Time
19:30–21:00
Place
Garage Auditorium

The Cinema of the Unconscious

The search for what is beyond the rational, logical, narrative representation of the subject, as well as the cult of the unconscious, unite a wide range of filmmakers and experimenters traditionally ranked among the avant-garde. The lecture will focus on Parisian extremism and the 1920s’ impressionism, psychodrama discovered by Maya Derain, as well as the development of these ideas in the films of Gregory Markopoulos, Kenneth Anger, and other directors.

Date
Thursday, December 16
Time
19:30–21:00
Place
Garage Auditorium

Cinematography as Hypnosis

Was there ever reality inherent in cinema? Participants will discuss the relationship of cinema with reveries, daydreaming, and hypnosis, making a foray into film theory (Jean-Louis Baudry, Christian Metz, Raymond Bellour). The way this is expressed through cinema will be analyzed on the example of films by such contrasting directors as Apichatpong Weerasethakul and Christopher Nolan.

Date
Friday, December 24
Time
19:30–21:00
Place
Garage Auditorium

Silence of the Body

Abstraction and surreal experimentations were not the only directions of struggle for what cinema could or should be. Another “front line” dividing the avant-garde from “conventional” strategies became the human body. In this regard, the participants will talk about the movement known as “avant-doc,” discuss the representation of body and physicality in the second and third waves of the avant-garde (Willard Maas, Stan Brakhage, etc.), with a dedicated focus on contemporary cinema, from Albert Serra and Bruno Dumont to Harvard University’s Sensory Ethnography Lab experimenters.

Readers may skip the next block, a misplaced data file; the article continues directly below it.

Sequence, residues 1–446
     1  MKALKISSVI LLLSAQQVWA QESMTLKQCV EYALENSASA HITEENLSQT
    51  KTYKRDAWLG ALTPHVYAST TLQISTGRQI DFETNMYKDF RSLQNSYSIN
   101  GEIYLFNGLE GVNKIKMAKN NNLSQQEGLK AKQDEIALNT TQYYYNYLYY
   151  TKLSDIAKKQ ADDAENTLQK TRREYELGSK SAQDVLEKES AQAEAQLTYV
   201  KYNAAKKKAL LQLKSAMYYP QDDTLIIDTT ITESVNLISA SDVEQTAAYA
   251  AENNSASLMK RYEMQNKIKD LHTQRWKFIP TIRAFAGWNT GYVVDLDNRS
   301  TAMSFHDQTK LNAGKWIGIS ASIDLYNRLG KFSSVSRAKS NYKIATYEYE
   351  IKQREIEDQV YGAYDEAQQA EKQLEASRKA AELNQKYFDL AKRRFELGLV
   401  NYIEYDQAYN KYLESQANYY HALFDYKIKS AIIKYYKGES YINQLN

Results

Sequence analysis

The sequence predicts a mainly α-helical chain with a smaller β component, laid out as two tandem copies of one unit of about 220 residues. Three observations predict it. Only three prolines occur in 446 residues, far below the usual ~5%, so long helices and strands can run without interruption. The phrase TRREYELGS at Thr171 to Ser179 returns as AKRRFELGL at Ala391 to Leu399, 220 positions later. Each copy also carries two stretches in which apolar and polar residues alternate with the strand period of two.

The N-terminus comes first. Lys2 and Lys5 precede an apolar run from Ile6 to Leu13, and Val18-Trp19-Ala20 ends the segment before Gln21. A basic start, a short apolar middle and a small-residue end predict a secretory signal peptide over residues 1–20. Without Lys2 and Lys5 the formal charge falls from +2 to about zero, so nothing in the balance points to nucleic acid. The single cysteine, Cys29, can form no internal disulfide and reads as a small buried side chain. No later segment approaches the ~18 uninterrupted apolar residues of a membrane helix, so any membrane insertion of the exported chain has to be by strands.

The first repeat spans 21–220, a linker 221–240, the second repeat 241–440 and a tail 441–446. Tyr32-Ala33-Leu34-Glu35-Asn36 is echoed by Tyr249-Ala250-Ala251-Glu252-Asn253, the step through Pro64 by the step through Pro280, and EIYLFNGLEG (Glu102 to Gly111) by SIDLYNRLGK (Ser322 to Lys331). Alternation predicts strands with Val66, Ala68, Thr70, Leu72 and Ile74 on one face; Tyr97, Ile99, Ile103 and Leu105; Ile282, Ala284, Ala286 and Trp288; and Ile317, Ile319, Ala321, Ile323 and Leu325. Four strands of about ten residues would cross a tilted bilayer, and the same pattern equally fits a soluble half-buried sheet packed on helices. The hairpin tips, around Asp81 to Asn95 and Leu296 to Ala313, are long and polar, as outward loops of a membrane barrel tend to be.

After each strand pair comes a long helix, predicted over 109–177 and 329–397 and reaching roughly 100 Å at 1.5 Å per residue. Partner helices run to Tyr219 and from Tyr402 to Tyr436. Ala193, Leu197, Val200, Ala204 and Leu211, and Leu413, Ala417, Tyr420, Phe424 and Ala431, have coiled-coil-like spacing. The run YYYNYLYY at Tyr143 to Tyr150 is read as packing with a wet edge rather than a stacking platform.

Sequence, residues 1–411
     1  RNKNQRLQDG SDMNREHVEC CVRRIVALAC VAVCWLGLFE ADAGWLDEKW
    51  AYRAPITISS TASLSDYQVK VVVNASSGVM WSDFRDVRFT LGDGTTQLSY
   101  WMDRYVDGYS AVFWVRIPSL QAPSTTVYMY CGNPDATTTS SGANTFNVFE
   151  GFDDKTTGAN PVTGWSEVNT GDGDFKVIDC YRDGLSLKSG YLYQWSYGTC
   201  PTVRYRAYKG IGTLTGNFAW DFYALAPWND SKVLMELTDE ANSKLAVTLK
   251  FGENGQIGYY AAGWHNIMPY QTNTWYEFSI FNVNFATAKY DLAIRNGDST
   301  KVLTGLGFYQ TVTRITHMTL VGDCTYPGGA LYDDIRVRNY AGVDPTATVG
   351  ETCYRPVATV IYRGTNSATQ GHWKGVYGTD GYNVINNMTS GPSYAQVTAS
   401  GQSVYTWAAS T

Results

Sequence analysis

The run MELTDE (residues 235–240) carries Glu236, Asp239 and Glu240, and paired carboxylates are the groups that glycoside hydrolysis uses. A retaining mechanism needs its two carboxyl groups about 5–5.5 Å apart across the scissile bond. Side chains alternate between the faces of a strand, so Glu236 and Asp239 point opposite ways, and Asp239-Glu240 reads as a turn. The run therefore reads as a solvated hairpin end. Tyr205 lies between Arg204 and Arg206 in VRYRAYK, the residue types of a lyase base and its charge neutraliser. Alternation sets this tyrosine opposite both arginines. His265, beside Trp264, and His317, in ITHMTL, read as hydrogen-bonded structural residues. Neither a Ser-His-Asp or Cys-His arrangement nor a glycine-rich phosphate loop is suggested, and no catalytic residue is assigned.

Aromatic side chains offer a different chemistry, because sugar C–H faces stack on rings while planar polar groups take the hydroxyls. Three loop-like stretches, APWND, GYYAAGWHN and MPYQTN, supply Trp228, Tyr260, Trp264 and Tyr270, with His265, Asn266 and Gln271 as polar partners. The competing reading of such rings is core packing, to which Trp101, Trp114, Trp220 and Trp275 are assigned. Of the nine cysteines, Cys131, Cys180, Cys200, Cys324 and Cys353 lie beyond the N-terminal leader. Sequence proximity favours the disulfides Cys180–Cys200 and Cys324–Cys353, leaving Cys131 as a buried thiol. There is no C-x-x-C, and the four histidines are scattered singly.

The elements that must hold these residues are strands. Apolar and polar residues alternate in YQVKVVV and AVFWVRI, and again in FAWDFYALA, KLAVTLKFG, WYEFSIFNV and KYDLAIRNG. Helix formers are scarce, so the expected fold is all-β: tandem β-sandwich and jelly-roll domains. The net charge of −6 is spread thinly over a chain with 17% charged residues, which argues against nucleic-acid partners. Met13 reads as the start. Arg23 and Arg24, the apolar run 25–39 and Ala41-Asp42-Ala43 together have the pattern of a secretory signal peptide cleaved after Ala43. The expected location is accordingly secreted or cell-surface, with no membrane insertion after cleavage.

Date
Friday, January 14
Time
19:30–21:00
Place
Garage Auditorium

My Body, My Choice!

Body cinema shows reality through the lens of the body. Bodies conquer space and radically change their relationship with the camera in it. To understand how this is achieved, the group will address the works of Yvonne Rainer, Chantal Akerman, Philippe Garrel, Claire Denis, etc., while also discussing pop genres, such as giallo and body horror.

Date
Friday, January 21
Time
19:30–21:00
Place
Garage Auditorium

Did Andy Warhol Have Dreams?

Warhol's films converge and transform all previously discussed themes: minimalism (Empire, Screen Tests), the special role of physicality (Chelsea Girls, etc.), and even the motif of dreaming, possibly without seeing dreams (Sleep).

Date
Friday, January 28
Time
19:30–21:00
Place
Garage Auditorium

Presence Factory

Andy Warhol synthesized affiliation with the underground and commercial success, innovative avant-garde aesthetics and star status. The talk will scrutinize Warhol’s most extreme films in terms of their position within the paradigm of avant-garde cinema and from the standpoint of Hans Ulrich Gumbrecht’s “aesthetics of presence,” which also had a particular influence on slow cinema of the subsequent eras.

Date
Friday, February 4
Time
19:30–21:00
Place
Garage Auditorium

The Avant-garde as Science

Even though sci-fi film and conventional avant-garde cinema may seem antagonists, the avant-garde and science fiction are in certain ways very much the same thing. The lecture will focus on the avant-garde’s ambition to grasp reality, in particular the connection between avant-garde practices and virtual reality (VR).

Date
Friday, February 11
Time
19:30–21:00
Place
Garage Auditorium

Blockbuster as the Avant-garde

The talk will be based on why sci-fi blockbusters are much closer to the avant-garde than classic cinema. The theoretical research of André Bazin, Lev Manovich, and Sean Cubitt will help to clarify this question.

Date
Friday, February 18
Time
19:30–21:00
Place
Garage Auditorium

Metacomedy

The surrealists adored eccentric comedy, which had a lot in common with the avant-garde. Eccentricity as a genre, however, quickly reached reflexivity in the work of Jacques Tati and turned into metacomedy. Unsurprisingly, Tati's influence subsequently spread to non-comedy genres.

Date
Thursday, February 24
Time
19:30–21:00
Place
Garage Auditorium

Vanguard Laughter

The avant-garde is no stranger to eccentric ideas. The lecture will help trace the American avant-garde’s eccentricity and comedic traditions, from Mack Sennett’s comedies to the masters of the 1960s’ underground cinema, such as Robert Nelson, Ron Rice, Jack Smith, etc.

Date
Friday, March 4
Time
19:30–21:00
Place
Garage Auditorium